Tom Vander Ark, CEO of Open Education Solutions Today’s students have more choices in classes, better facilities and a wider variety of learning experiences than ever before. But the fundamental way in which most children are taught has not changed significantly in more than a century. And while education has become considerably more expensive, it has failed to achieve a corresponding increase in performance. Breaking the trade-off The tradeoff schools have faced is between the kind of standardized teaching that occurs in most public-school classrooms and the more personalized instruction a student might receive from a tutor or at an elite prep school. Smaller class sizes, smaller schools, “schools within schools” and other reforms all reflect attempts to move up the performance curve. The trade-off, however, is that such reforms typically are quite expensive. Online learning, or a blended learning environment of digital learning and traditional instruction, may be capable of breaking this trade-off. How? By personalizing the learning experience according to individual student learning styles and pace, and doing so without increasing the number of teachers. Within five years, most learning platforms will have a smart recommendation engine similar to iTunes Genius that can create customized learning experiences, predicts Tom Vander Ark, CEO of Open Education Solutions.77 These new, customized learning systems typically are based in the “cloud” and accessible to students anywhere. Pace of disruption Thanks in part to much greater capabilities, today’s online learning courses are moving rapidly from test preparation and correspondence classes into mainstream education. More than 4 million students at the K-12 level took an online course in 2011, up significantly from just 1 million three years earlier.78 About 250,000 U.S. students attend online schools full time, mostly through virtual charter schools.79 The Innosight Institute predicts that the pace that online learning substitutes for live classroom instruction will increase dramatically in the next decade. In 2008, they estimated that by 2019, American high school students will take 50 percent of their courses online.80 This was a bold prediction, to say the least. If the current 46 percent annual growth rates in online learning continue, however, it may prove too conservative. Vander Ark predicts that at least two-thirds of U.S. students will be doing most of their learning online by 2020.81 That would indeed be quite a disruption.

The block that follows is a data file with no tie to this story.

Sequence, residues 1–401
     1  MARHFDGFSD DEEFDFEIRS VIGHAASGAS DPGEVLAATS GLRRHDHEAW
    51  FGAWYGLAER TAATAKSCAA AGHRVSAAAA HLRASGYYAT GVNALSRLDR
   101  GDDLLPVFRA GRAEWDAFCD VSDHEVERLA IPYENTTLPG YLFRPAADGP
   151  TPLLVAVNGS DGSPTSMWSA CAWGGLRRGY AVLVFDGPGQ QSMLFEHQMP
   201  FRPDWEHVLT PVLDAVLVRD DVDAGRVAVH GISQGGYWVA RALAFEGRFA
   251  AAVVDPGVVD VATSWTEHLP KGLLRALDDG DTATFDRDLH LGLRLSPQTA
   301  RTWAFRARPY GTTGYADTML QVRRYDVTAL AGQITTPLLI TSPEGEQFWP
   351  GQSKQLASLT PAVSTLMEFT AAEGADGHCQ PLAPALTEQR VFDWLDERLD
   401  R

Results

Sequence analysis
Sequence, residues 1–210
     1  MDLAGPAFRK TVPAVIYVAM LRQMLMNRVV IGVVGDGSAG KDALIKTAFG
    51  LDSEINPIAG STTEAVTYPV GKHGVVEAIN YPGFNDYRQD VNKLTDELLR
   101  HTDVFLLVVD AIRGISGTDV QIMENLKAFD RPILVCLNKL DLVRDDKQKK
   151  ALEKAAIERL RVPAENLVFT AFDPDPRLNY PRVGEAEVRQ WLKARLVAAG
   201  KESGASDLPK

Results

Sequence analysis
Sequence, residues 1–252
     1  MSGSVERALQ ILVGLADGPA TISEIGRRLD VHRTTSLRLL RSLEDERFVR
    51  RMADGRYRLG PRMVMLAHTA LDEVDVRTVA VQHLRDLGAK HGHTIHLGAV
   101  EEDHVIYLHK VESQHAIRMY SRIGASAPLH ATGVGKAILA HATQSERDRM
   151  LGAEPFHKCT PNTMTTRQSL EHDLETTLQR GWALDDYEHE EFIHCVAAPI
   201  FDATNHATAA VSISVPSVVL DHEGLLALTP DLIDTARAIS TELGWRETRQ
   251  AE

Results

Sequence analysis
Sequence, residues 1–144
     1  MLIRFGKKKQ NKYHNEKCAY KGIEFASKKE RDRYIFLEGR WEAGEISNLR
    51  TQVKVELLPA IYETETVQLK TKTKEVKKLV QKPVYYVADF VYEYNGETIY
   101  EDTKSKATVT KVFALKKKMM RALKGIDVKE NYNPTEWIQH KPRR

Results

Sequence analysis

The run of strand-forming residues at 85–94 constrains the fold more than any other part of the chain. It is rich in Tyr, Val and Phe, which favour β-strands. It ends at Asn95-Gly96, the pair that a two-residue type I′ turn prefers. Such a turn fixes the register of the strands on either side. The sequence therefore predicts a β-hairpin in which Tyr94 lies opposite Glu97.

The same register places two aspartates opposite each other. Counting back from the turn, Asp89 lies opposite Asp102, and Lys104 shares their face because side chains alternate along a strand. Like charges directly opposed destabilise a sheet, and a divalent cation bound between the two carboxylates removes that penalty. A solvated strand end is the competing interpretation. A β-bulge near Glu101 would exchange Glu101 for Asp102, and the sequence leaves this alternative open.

The Khan Academy’s disruptive model

One of the most disruptive education models started off as Salman Khan’s side project to provide tutoring help to his cousins, nephews and nieces. The simple but effective math and science videos Khan posted to YouTube quickly went viral as thousands and then millions of students started to watch. All told, Khan’s now world-renowned online learning academy has delivered more than 30 million lessons to students around the world.82 The 2,700 online course modules offered by the Khan Academy range from math and science to art history to banking and money. Each lesson is free and open to anyone. With the help of philanthropic supporters, Khan’s tiny six person team has steadily moved Khan Academy up the performance curve. The website now includes a sophisticated analytics engine that allows teachers and parents to